The field of geotechnical engineering has often been called more of an art than a science. The materials involved are not manufactured to given specifications (such as the specifications associated with steel and concrete) but are the natural soils and rocks present at the location where the client wants to develop a project; these locations are not always ideal based on soil conditions, but are selected based on access or availability. In addition, the soil and rock materials have properties critical to the design of the structure (e.g., their drainage, settlement, and strength, characteristics) but these properties can vary significantly within just a few meters in any direction. The art of geotechnical engineering involves designing a successful foundation for a structure using a subsurface model based on the geologic history of the site and on limited testing of the subsurface materials. (It is not uncommon to design a structure based on soil and rock samples that represent only 1/1,000,000 of the soil and rock materials that will be affected by the structure.) When the foundations are done well, the structure above can last as long as the aqueducts of Rome. When done poorly, they may collapse (e.g., the Rte. 33 bridge) and leave nothing for the historians except for the occasional tourist attraction (e.g., the Tower of Pisa).
My scholarship activities have primarily focused on improving the reliability of geotechnical designs given limited subsurface information. In the following sections, I give a brief summary of my research areas and a listing of my research funding.
Earth Resistivity as a Geotechnical Site Investigation Tool
Much of my scholarship since 1997 has concentrated on the use of multi-electrode earth resistivity testing as a method to improve subsurface investigations for geotechnical design. In particular, most of my work has involved the use of resistivity to investigate sites that have a potential for the formation of sinkholes. (Areas where sinkholes form are known as karst areas.) On these sites, small subsurface features such as voids or soil-filled fractures may cause sinkholes in the future. Unfortunately, these features are nearly impossible to locate using traditional site investigation methods. Geophysical methods can provide significantly more information, but the experience base for interpretation of these results is limited. A test site I have developed at Metzgar Fields is nearly ideal for this research; the site is close by, it has active sinkholes, and the work done to date has documented a range of subsurface features (open and closed fractures in the bedrock as well as a small cave) that are known to cause sinkholes. Students and I have conducted hundreds of two-dimensional resistivity lines at this site and tried our hand at three-dimensional tests as well.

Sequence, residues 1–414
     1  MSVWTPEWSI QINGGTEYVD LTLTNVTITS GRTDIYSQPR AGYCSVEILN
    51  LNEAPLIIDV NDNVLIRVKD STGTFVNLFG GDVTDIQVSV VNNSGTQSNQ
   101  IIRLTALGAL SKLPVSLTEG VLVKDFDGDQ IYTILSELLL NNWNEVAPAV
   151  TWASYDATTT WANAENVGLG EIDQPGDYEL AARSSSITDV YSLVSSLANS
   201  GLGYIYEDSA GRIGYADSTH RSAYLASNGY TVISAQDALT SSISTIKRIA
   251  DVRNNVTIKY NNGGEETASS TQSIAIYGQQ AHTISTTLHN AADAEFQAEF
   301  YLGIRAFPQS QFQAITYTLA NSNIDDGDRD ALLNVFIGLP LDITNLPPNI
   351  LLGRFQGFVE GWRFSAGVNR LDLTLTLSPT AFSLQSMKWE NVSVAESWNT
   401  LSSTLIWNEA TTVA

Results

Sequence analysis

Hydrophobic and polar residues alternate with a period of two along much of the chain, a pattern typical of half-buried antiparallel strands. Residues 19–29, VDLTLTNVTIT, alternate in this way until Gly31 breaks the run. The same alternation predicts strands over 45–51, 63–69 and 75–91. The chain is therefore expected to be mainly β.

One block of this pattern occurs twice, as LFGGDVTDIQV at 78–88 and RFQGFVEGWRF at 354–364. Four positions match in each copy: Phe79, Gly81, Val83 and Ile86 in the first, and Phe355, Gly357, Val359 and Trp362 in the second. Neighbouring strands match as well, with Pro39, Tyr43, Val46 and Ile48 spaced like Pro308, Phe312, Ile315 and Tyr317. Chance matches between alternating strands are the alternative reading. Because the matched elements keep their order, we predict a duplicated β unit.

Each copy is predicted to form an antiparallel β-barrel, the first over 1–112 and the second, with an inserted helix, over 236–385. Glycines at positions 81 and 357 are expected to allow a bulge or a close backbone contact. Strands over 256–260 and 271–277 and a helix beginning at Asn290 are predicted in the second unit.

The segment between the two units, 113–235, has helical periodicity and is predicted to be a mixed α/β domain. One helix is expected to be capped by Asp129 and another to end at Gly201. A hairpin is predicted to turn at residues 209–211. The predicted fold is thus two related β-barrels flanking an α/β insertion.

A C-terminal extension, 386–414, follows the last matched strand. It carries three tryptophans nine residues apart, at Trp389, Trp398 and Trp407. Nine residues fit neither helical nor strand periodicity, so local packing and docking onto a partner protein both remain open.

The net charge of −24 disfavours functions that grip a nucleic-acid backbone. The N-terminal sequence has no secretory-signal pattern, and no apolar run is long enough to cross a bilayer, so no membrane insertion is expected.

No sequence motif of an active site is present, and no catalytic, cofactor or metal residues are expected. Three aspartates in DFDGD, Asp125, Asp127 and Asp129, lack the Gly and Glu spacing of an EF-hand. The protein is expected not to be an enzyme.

In addition to my work at the Metzgar site, I have conducted resistivity tests at a number of sites in Pennsylvania and I spent a sabbatical in 2000-2001 in Norway where I worked with the Norwegian Geotechnical Institute using resistivity testing for site investigations related to landslides, hazardous waste plumes, and permafrost among other projects.
Use of Bacteria to Stabilize Loose Sands
In spring 2004, Professor Caslake of the biology department and I started a research program to conduct proof-of-concept testing on the use of bacteria to stabilize loose saturated sands (see grant listed below). Buildings and other structures constructed on loose sands are at high risk of failure during earthquakes because these soil materials rapidly lose strength under seismic loads. We have hypothesized that it may be possible to stabilize these soils using bacteria that will attach to the sand particles. The amount of strength gained from the bacteria may be sufficient to significantly improve the reliability of structures built on these soils. While this research does not deal with limited subsurface information (my typical area of research), it has the potential to improve the reliability of structures built in earthquake-prone areas.
Reliability Analysis of Geotechnical Structures
My M.S. and Ph.D. work used a more theoretical approach and computer modeling to improve the reliability of foundation and retaining wall designs. I have been less active in this area since the mid-1990’s given the challenges of involving undergraduates in the work. However, I continue to serve as a reviewer for papers and research proposals related to this topic.
“MRI: Acquisition of State-of-the-Art Soil Structure Interaction Facility,” National Science Foundation, Major Research Instrumentation Grant No. CMMI-0820640, $222,487, 9/1/08 – 8/31/12.
“Exploratory Research in Microbial Remediation of Liquefiable Soils,” National Science Foundation Small Grant for Exploratory Research Grant No. CMS-0408832, $56,123, 2/1/04-5/31/06.
“MRI/RUI Proposal for Instrumentation of Environmental Research Laboratories,” National Science Foundation, Major Research Instrumentation Grant No. CMS-0215809, $366,364, 8/1/02-7/31/03.
“Collaborative Research: Evaluation of 2D vs 3D Multielectrode Resistivity for the Characterization of Shallow Karst,” National Science Foundation Research Grant No. CMS-0201015, $76,749, 6/1/02 – 5/31/05.
“Evaluation of Potential of Earth Resistivity in Norway,” Fulbright Scholar Program Research Grant, NOK 146,000, 9/1/00-3/1/01.
“Evaluation of Potential of Earth Resistivity in Norway,” National Science Foundation Research Grant No. INT 0071702, $14,000, 8/1/00 – 7/1/01.
“Evaluation of Reliability of Earth Resistivity Method in Thinly Mantled Karst,” National Science Foundation Research Grant No. CMS-9734899, $76,375, 6/1/98 – 5/31/00.
“Risk Assessment of Foundations in Karst Terrain,” National Science Foundation Research Grant No. CMS-9612675, $18,000, 9/1/96 – 2/28/98.